Why We Are Excited About MRI of Neuromelanin to Predict Parkinson's
Progress in treating PD may appear to be very slow – and it has been – but there are many potential new treatments at different stages of exploration. In contrast to the tried-and-true approaches, including L-DOPA, dopamine agonists, and deep brain stimulation, that treat symptoms of those who are already well into the disease, many of the new approaches are drug treatments that may halt PD progression. Indeed, one reason that treatments of advanced PD are so far ahead of treatments that prevent progression at early stages is because we can’t identify who is in early stages, and do not test them. So, we need a way to recognize PD before the disease brings someone into a neurologist’s office for diagnosis, since they have already experienced the first symptoms.
New work from our labs and others may finally have found a path. As most know, the motor symptoms of PD are due to the loss of the substantia nigra dopamine neurons, which are so-named due to the dark brown pigment found in these neurons, known as neuromelanin. In 2000, our labs found that this pigment was produced from oxidized dopamine accumulated into autophagsomes, structures related to the degradation pathways in cells. By examining post-mortem brains, Luigi’s lab found that these neuromelanin organelles are completely absent at birth, but increase linearly with age up to the age of about 100: unless someone has PD, in which case the dopamine neurons die and the neuromelanin is lost.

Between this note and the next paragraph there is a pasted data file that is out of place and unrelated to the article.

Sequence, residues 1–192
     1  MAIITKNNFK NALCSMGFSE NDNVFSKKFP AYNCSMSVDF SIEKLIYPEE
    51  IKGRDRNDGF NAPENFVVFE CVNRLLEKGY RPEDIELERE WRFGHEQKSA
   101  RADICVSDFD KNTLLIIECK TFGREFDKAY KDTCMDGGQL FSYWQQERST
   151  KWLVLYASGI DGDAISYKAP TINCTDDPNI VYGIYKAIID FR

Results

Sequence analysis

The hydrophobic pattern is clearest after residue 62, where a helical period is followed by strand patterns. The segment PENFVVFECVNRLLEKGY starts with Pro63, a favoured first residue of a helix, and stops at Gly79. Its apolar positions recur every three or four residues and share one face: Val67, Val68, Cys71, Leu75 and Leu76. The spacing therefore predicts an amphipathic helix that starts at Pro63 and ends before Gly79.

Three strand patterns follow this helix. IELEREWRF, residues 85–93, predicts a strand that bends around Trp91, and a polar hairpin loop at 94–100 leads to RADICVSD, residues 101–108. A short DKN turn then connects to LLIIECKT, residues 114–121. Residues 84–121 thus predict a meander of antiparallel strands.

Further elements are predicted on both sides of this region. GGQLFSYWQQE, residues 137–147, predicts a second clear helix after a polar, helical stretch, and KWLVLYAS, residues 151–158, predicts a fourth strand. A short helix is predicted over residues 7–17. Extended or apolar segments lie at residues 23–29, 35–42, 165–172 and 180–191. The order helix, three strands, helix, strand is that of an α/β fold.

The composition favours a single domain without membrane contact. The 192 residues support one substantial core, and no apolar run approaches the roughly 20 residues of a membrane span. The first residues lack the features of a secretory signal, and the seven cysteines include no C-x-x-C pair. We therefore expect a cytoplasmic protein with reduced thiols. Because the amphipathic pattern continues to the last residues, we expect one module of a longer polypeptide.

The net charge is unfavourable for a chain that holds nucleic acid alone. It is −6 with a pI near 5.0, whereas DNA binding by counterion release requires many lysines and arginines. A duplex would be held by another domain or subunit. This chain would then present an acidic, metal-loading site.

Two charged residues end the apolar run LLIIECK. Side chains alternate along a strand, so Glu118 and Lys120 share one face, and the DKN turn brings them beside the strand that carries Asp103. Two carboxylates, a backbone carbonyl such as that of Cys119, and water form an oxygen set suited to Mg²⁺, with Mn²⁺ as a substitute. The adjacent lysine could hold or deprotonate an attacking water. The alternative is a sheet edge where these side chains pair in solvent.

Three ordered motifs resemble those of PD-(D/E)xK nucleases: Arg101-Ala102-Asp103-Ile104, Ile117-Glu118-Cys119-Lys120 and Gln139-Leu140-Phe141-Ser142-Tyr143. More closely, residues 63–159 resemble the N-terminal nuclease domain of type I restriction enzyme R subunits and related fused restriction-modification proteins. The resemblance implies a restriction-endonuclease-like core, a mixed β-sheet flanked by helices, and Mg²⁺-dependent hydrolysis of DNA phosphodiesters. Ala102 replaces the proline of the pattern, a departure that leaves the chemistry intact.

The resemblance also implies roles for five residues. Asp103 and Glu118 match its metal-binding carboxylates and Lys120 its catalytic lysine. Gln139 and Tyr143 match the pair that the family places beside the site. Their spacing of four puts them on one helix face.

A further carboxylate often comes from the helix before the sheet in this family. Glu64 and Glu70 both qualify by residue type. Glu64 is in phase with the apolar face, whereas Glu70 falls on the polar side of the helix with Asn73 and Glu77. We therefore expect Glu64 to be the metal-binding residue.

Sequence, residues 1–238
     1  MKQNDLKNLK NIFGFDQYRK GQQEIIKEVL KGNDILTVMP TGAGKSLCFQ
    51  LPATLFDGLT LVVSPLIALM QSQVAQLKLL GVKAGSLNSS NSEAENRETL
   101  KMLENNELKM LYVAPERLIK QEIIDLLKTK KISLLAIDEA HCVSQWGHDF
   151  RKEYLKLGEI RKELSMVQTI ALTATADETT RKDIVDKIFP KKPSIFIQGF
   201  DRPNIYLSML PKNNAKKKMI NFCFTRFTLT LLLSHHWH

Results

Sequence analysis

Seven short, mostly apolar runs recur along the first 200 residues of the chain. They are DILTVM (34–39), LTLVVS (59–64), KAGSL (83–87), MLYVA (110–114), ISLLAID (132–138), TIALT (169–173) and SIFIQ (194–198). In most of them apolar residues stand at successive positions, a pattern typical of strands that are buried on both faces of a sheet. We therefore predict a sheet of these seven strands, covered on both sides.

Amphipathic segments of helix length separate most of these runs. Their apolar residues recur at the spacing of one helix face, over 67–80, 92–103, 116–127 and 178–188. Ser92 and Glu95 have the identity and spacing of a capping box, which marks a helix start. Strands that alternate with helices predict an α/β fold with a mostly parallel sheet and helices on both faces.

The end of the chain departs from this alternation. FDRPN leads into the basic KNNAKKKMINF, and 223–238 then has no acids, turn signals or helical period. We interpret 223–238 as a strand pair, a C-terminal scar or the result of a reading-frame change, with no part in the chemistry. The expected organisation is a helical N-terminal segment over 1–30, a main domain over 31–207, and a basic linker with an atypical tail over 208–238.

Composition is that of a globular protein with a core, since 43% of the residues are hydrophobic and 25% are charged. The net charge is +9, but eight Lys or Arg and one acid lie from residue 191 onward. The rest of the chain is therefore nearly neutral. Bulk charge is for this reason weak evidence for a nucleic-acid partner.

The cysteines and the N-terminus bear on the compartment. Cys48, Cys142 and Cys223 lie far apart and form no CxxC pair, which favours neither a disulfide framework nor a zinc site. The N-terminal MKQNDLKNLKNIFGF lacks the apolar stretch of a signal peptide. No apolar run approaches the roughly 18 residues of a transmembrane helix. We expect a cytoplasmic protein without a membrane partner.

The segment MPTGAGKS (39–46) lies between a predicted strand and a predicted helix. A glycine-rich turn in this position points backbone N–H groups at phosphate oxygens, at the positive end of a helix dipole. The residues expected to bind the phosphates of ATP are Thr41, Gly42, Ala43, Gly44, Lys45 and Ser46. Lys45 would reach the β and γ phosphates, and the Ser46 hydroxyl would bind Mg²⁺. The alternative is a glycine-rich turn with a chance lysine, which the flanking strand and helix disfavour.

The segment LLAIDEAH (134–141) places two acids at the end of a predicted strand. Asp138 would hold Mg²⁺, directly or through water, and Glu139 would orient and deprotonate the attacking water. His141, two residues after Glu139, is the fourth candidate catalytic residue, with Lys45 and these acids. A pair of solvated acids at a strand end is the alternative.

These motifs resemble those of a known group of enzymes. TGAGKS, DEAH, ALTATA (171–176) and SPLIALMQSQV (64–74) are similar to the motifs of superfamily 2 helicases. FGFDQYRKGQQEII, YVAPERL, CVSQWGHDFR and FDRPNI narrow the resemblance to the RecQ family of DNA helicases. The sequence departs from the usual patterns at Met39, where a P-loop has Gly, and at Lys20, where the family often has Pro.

In 1993, Luigi’s group made another key observation, which is that neuromelanin is a “paramagnetic” substance. Technically this means that there are unpaired electrons in the chemical structure, but in practice it means that neuromelanin can be measured by “spin” techniques including electron spin resonance (ESR) and magnetic resonance imaging (MRI). ESR is not usable in people, but MRI uses a radio wave magnetic frequency, and at the time we recommended that it could be used to measure neuromelanin in living people.
There was however little interest, and not much more to report for years. We attempted to get imaging specialists interested, and they seemed to feel that it wasn’t doable or maybe that it wasn’t worth a try. Fortunately, Sasaki and colleagues in Japan in 2006 reported MRI readings of neuromelanin, using a 3 Tesla MRI machine that is widely used in medicine. This changed the perception of the imaging and neurology communities, and now several groups throughout the world are working on this topic.
This includes Guillermo Horga’s lab here at Columbia University, who with our labs have been developing improved measurement and analysis of brain images and postmortem tissues approaches in PD patients. These analysis methods are important, as people have different brain anatomies, and once the substantia nigra neurons containing neuromelanin die, they lose the neuromelanin and become invisible to the MRI. Therefore, our team is mapping everyone’s brain scans onto a standard, which requires some computational improvements.